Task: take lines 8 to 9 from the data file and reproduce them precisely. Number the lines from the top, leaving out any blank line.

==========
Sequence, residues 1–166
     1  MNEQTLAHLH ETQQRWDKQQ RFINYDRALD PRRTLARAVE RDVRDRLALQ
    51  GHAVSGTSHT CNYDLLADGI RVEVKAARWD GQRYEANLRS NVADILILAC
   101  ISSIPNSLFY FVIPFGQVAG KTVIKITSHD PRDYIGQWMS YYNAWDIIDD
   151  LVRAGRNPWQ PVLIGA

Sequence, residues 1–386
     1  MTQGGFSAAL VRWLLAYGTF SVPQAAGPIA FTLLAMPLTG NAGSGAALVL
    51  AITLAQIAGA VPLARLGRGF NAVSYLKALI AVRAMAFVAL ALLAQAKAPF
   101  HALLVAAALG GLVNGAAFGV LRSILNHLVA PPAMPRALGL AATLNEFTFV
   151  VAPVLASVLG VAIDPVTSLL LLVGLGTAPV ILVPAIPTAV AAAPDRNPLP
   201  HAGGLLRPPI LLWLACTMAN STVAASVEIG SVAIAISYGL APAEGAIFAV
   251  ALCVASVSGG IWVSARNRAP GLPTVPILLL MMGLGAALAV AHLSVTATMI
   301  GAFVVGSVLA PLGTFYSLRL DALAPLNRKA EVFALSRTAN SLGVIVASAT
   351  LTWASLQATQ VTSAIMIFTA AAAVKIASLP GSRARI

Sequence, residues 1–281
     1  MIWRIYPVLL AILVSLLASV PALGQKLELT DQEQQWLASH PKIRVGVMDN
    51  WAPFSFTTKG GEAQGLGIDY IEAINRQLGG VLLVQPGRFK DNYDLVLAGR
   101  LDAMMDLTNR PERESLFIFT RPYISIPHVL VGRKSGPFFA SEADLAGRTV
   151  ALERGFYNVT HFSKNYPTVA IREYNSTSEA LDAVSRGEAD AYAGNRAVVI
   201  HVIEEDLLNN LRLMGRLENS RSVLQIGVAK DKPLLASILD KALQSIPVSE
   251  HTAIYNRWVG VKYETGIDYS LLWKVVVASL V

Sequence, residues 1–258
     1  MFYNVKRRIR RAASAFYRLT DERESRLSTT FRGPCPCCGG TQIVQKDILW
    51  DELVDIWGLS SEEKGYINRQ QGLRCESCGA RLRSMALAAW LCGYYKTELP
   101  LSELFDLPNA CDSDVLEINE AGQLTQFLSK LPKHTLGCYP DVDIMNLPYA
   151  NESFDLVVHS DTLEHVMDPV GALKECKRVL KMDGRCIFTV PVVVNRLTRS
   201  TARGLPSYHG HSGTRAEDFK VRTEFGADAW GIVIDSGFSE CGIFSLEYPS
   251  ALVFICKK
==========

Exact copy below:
    51  AITLAQIAGA VPLARLGRGF NAVSYLKALI AVRAMAFVAL ALLAQAKAPF
   101  HALLVAAALG GLVNGAAFGV LRSILNHLVA PPAMPRALGL AATLNEFTFV